Ezra Klein was swept into the presence of The Pelosi to hear her plans for passing health care reform. The result was brain-freeze (my emphasis):
But today, Pelosi made her clearest statements yet on how she means to finish this bill. The issue is how to sequence the Senate health bill, which the House doesn't like, with the package of fixes (including, Pelosi said, the elimination of the Nebraska and Florida deals, the delay of the excise tax, more affordability and oversight provisions and more funding of community health centers), which the House does like. There are a number of procedural options on the table, but today, Pelosi said that she favors the “deem and pass” strategy.
Here's how that will work: Rather than passing the Senate bill and then passing the fixes, the House will pass the fixes under a rule that says the House "deems" the Senate bill passed after the House passes the fixes.
The virtue of this, for Pelosi's members, is that they don't actually vote on the Senate bill. They only vote on the reconciliation package. But their vote on the reconciliation package functions as a vote on the Senate bill. The difference is semantic, but the bottom line is this: When the House votes on the reconciliation fixes, the Senate bill is passed, even if the Senate hasn't voted on the reconciliation fixes, and even though the House never specifically voted on the Senate bill.
It's a circuitous strategy born of necessity. Pelosi doesn't have votes for the Senate bill without the reconciliation package. But the Senate parliamentarian said that the Senate bill must be signed into law before the reconciliation package can be signed into law. That removed Pelosi's favored option of passing the reconciliation fixes before passing the Senate bill.
Is that what the parliamentarian ruled did? Gee, I thought he ruled that the Senate could not take up a reconciliation until the underlying bill was signed into law. By eerie coincidence, Klein reported the same thing on March 11, with a post headlined "Senate parliamentarian rules that bill must pass before reconciliation can be used".
If the Senate has to wait until Obama signs the Senate bill as passed in unamended form by the House before they can take up the reconciliation "fixes", then there is no way that Obama can have a joint signing ceremony where he signs both bills at once.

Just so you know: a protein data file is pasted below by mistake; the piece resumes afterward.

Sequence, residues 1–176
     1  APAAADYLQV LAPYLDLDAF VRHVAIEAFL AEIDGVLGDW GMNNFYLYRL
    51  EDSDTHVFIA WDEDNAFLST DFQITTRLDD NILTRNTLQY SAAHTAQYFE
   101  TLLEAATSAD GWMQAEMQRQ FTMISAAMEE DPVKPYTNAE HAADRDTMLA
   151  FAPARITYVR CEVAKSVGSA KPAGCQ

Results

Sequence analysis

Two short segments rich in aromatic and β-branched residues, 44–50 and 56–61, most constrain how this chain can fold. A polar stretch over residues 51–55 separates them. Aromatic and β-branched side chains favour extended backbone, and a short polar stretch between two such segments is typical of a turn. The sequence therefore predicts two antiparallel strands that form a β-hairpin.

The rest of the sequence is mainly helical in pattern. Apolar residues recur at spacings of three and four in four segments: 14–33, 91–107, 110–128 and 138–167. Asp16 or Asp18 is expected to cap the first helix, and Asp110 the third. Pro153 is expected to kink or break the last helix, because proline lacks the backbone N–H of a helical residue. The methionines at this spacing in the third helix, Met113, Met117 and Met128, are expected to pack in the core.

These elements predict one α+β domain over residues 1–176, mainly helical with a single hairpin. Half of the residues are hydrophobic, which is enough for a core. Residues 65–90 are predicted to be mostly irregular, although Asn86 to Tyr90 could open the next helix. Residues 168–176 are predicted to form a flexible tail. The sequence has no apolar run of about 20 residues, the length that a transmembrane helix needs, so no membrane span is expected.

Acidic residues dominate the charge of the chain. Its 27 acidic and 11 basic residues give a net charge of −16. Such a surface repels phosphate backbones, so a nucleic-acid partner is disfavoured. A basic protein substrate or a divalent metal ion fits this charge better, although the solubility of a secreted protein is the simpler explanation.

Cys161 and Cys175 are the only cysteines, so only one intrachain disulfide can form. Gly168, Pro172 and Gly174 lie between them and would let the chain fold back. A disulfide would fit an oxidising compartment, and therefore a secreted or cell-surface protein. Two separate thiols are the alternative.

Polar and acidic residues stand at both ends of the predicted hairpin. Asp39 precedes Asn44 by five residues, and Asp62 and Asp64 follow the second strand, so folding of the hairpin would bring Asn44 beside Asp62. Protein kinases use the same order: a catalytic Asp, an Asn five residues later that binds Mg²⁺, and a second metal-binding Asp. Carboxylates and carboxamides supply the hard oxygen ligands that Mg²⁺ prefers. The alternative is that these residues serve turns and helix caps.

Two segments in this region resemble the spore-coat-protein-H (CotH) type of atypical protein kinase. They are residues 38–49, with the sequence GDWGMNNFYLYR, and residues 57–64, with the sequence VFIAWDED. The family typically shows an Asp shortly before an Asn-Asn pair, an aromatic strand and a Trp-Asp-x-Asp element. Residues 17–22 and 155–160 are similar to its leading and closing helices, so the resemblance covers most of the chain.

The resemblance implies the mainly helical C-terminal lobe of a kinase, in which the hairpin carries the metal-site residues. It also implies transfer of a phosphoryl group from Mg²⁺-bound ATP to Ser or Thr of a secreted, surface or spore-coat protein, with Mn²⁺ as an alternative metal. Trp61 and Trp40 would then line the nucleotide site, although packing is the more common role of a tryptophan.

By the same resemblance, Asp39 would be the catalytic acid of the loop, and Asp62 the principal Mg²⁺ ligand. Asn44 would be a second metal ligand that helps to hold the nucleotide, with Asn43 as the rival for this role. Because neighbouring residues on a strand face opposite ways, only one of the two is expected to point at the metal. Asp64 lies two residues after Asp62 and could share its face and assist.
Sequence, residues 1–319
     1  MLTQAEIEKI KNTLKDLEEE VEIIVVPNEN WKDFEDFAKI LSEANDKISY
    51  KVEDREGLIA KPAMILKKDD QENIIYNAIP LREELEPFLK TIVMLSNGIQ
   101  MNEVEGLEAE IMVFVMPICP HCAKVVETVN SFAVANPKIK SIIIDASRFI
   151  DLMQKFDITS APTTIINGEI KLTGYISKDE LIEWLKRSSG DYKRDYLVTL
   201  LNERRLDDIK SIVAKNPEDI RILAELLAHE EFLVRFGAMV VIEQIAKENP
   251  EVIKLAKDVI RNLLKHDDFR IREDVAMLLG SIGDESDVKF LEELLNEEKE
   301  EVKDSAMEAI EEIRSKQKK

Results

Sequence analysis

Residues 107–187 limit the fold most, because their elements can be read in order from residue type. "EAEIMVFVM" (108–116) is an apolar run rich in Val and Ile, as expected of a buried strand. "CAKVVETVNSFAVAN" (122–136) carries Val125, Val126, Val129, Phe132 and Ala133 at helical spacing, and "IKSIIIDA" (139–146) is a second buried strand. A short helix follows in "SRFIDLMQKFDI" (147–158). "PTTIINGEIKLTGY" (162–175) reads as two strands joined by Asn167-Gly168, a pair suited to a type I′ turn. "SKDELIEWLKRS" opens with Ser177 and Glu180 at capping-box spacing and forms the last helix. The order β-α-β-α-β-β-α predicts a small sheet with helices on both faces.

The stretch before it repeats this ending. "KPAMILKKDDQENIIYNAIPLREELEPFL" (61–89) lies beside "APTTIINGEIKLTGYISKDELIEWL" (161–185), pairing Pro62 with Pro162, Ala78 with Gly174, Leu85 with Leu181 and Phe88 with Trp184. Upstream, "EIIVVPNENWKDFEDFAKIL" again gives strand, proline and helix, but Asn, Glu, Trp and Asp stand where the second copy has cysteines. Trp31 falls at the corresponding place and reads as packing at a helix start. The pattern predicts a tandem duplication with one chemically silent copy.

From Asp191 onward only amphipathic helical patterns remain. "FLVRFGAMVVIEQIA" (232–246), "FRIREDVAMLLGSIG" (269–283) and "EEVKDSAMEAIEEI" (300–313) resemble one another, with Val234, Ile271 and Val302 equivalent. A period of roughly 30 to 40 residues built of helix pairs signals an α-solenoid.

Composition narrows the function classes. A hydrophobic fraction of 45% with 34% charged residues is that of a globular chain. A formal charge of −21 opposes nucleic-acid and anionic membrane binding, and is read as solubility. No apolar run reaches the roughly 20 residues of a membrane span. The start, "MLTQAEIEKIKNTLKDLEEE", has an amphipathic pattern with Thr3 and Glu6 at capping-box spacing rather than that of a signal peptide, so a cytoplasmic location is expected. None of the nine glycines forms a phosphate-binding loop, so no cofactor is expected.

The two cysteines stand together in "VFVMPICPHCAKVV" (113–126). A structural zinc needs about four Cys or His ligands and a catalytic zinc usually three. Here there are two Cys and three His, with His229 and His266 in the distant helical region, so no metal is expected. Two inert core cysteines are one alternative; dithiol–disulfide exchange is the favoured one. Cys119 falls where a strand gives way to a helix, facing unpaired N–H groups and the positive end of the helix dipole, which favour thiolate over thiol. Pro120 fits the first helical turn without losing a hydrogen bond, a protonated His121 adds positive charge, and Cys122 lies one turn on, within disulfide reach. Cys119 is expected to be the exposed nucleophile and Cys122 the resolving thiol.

This next bit from Klein is utterly baffling:
So now the House will vote on reconciliation explicitly and the Senate bill implicitly, which is politically easier, even though the effect is not any different than if Congress were to pass the Senate bill first and pass the reconciliation fixes after.
The effect is not any different? Well just for starters, what does Obama sign? The House-passed bill of "Senate plus fixes" is not textually identical to the Senate-passed bill. Per that tedious Constitution (which, even if it is living and breathing, will have its last gasp this week if this strategy is upheld), the President needs to sign a bill passed by both houses - where is that bill?
Or are Pelosi and Klein arguing that the House will vote on a 'rule' under which two separate bills pass simultaneously, one then being sent to the President and the other to the Senate? Why even bother with that bizarre facade, then? Per the "enrolled bill" scenario described and considered by Jonathon Adler, if the House and Senate leadership deem a bill ready for presentation to the President, it is ready, regardless of what has transpired before. This point is back in the news today.
A point to ponder - critics have noted that employers may be reluctant to hire while their prospective liability under health care reform remains up in the air. If the House passes this bill by a method that is highly likely to end up in the courts and prolong the suspense as to the status of the health reform effort, will that be bad for jobs, jobs, jobs?